Journal of Inklings Studies

Judith Wolfe, editor

Volume 11, № 2

15 October 2021

In this issue: 1 peer-reviewed article, 4 reviews.

Peer-reviewed articles

💲 ‘The Eagles are coming!’: A pneumatological reinterpretation of the Old Germanic beasts of battle’

Łukasz Neubauer, p. 169

J.R.R. Tolkien’s imagination is invariably abundant in all sorts of peoples, races, and other forms of intelligent life, including those whose prototypes could be encountered in the natural world and which found their way into Tolkien’s fiction with little alteration to their physical properties and only some modification of their often deep-rooted framework of cultural associations in Indo-European lore. This last group includes, amongst others, the Great Eagles of the Misty Mountains, Tolkien’s dangerous machine’, whose two principal affiliations appear to be with, on the one hand, the pre-Christian beliefs of the Germanic peoples (via the so-called beasts of battle) and, on the other, the pneumatological soteriology of the Roman Catholic Church (via the eagle as a creative recasting of the evangelical dove’). The present article is an attempt to demonstrate that these seemingly incompatible ingredients in fact came to be quite seamlessly unified in The Hobbit and, in particular, The Lord of the Rings, providing even more depth to the powerful Christian substratum of Tolkien’s fiction.


Utopian and Dystopian Themes in Tolkien’s Legendarium: Mark Doyle

Alastair Whyte, p. 244

It is encouraging to witness the increasing volume of scholarship examining the relationship of J.R.R. Tolkien’s fiction with utopian and dystopian modes of literature. It was of course Tom Shippey who, in The Road to Middle-earth, prominently placed Tolkien among dystopian authors such as Orwell, Golding, and Vonnegut as fantasists […] confronting the fearful and horrible issues of political life’.1 Chester Scoville similarly observed that William Morris’s significant and often surprisingly overlooked2 influence on Tolkien establishes a clear connection between Tolkien’s fantasy’ and the canon of utopian literature, however much Morris’s and Tolkien’s representations differ. As such, Mark Doyle’s Utopian and Dystopian Themes in Tolkien’s Legendarium is a welcome addition to this growing field of scholarship.…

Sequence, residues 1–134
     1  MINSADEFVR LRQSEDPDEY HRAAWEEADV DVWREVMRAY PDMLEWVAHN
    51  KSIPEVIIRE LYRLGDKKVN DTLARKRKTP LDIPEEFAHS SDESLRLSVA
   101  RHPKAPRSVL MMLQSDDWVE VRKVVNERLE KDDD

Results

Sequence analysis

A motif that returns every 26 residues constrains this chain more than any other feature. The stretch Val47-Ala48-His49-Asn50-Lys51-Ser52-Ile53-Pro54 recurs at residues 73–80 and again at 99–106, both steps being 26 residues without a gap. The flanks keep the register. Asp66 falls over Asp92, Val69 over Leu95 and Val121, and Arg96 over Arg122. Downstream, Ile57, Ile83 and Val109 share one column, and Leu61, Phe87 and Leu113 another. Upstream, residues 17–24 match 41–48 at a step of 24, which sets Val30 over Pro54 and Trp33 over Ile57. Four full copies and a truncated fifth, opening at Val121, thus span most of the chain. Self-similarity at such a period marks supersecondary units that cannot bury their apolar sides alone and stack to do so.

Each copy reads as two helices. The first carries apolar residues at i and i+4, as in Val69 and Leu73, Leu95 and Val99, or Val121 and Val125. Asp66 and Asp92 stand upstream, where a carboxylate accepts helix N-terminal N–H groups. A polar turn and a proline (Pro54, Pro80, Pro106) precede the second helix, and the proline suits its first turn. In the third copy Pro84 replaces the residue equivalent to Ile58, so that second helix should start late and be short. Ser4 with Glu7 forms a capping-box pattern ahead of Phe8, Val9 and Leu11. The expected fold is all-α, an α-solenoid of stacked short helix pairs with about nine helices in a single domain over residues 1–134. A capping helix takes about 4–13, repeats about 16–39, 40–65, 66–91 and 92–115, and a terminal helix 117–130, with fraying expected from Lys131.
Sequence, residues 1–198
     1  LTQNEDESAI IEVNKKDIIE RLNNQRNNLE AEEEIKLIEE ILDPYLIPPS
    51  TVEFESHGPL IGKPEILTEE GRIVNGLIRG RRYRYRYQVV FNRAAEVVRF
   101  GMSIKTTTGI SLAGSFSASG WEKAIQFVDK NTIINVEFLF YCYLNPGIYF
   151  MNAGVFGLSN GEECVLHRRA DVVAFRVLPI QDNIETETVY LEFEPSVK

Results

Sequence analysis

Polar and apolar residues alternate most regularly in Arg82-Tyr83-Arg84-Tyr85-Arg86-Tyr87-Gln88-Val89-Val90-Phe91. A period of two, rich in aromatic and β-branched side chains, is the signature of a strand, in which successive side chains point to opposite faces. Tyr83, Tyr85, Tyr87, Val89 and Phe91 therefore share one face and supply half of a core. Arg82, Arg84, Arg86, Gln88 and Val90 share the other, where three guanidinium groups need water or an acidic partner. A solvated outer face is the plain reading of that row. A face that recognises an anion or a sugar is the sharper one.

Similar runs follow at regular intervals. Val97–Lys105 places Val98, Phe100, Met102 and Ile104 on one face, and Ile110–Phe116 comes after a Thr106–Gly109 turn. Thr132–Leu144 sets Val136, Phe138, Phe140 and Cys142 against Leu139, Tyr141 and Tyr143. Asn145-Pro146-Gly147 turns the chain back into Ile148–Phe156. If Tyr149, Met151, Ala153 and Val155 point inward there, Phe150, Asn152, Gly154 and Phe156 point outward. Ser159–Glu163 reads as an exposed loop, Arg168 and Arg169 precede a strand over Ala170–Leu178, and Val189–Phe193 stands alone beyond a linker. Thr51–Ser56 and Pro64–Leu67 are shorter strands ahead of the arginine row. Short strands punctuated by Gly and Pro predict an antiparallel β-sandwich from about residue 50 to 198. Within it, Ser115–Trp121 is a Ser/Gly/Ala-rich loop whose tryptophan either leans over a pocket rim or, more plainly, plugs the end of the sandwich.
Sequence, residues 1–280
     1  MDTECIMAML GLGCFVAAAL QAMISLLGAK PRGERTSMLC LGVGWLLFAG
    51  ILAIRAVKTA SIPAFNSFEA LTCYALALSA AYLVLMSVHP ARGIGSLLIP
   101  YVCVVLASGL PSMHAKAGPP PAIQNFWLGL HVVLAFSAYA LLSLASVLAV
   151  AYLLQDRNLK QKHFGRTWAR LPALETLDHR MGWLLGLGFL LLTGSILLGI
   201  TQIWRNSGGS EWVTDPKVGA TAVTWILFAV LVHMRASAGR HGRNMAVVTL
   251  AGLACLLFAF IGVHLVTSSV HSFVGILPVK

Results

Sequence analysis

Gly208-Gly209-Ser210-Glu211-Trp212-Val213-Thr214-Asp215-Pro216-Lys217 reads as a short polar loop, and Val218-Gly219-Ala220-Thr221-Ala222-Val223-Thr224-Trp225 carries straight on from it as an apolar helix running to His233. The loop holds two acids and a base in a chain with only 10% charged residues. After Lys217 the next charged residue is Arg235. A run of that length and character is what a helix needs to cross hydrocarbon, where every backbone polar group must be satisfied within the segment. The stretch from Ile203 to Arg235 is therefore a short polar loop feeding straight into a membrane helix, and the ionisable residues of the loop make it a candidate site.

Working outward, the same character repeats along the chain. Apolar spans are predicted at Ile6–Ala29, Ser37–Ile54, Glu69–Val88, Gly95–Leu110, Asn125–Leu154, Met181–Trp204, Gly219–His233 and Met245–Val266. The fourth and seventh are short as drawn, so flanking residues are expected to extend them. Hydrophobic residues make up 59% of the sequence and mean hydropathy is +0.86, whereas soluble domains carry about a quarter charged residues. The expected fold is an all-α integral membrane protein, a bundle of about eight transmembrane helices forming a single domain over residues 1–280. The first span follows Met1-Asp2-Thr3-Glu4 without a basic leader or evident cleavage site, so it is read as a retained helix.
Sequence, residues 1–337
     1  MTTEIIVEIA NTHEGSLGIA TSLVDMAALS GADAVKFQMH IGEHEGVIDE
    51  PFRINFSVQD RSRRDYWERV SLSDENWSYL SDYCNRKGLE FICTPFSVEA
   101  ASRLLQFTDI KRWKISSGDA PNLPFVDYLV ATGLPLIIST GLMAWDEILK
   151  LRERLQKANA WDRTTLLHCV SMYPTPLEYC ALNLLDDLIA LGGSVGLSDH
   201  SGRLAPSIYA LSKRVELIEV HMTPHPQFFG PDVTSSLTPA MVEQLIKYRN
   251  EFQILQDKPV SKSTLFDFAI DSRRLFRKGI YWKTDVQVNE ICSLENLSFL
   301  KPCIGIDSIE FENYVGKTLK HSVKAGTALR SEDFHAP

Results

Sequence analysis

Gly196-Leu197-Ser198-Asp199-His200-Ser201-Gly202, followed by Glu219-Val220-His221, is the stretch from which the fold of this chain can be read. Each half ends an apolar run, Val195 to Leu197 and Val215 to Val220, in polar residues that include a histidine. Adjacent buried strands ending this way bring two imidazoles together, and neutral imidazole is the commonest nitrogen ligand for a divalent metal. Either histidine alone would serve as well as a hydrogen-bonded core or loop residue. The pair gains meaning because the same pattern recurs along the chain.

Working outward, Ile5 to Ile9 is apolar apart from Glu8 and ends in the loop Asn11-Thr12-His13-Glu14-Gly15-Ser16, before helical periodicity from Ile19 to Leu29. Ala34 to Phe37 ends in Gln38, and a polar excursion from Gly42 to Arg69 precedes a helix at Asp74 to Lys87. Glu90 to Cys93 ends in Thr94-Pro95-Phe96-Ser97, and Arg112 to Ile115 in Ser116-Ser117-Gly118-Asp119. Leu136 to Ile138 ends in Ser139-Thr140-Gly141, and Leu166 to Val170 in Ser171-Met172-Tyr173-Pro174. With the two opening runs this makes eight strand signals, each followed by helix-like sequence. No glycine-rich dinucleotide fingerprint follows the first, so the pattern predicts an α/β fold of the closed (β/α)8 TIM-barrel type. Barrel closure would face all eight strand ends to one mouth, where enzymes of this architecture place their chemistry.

The Worlds of J.R.R. Tolkien: The Places that Inspired Middle-earth: John Garth

Oronzo Cilli, p. 247

It is said that beauty is in the eye of the beholder, but I honestly wonder whether that is true as I turn the pages of The Worlds of J.R.R. Tolkien: The Places that Inspired Middle-earth by John Garth. This new book is proof, if any were needed, that Garth’s research constitutes a fundamental pillar in the reconstruction of Tolkien’s biography and the inspirations for his work. The writing is direct and engaging, its journalistic style gracefully conveying Garth’s extensive research.…

Tolkien’s Modern Reading: Middle-earth Beyond the Middle Ages: Holly Ordway

Martin Simonson, p. 260

When attending a Tolkien seminar in Jena in 2007, I remember talking with a medievalist scholar and friend who had recently researched Tolkien’s readings in the Bodleian archives. At the time, I was putting the finishing touches to a book about the dialogue between different narrative genres in The Lord of the Rings, both ancient and modern, and I was feeling a little frustrated about the lack of serious scholarship on Tolkien’s engagement with post-medieval literature. When I asked my medievalist friend if all he found were references to Old and Middle English texts, I was overheard by another colleague, sitting next to us. Why, of course,’ the latter exclaimed with an astonished smile; what did you expect?’ I agreed that the medieval emphasis was only to be expected in Tolkien’s professional life but then went on – to my second colleague’s barely concealed mirth – to express a wish to see a full list of Tolkien’s personal readings. There was more to a writer’s education than just his professional life, and I felt that something was missing in the overall picture of his influences. My incredulous colleague now laughed out loud.…

Gleanings from Tolkien’s Garden: Selected Essays: Renée Vink

Claudio A. Testi, p. 268

This volume is a selection of some of the writings of Renée Vink, one of the ablest experts on the works of J.R.R. Tolkien. Hence, the publication of this anthology is received with great pleasure and gratitude. The pleasure is given by having such interesting articles collected in a single text, which together bear the unmistakable stamp of Vink’s work. The gratitude is directed not only towards the publisher but also to the author herself, who tirelessly explored the many diverse elements of Tolkien’s works as few others have done.…

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date recorded 📅2022-01-16
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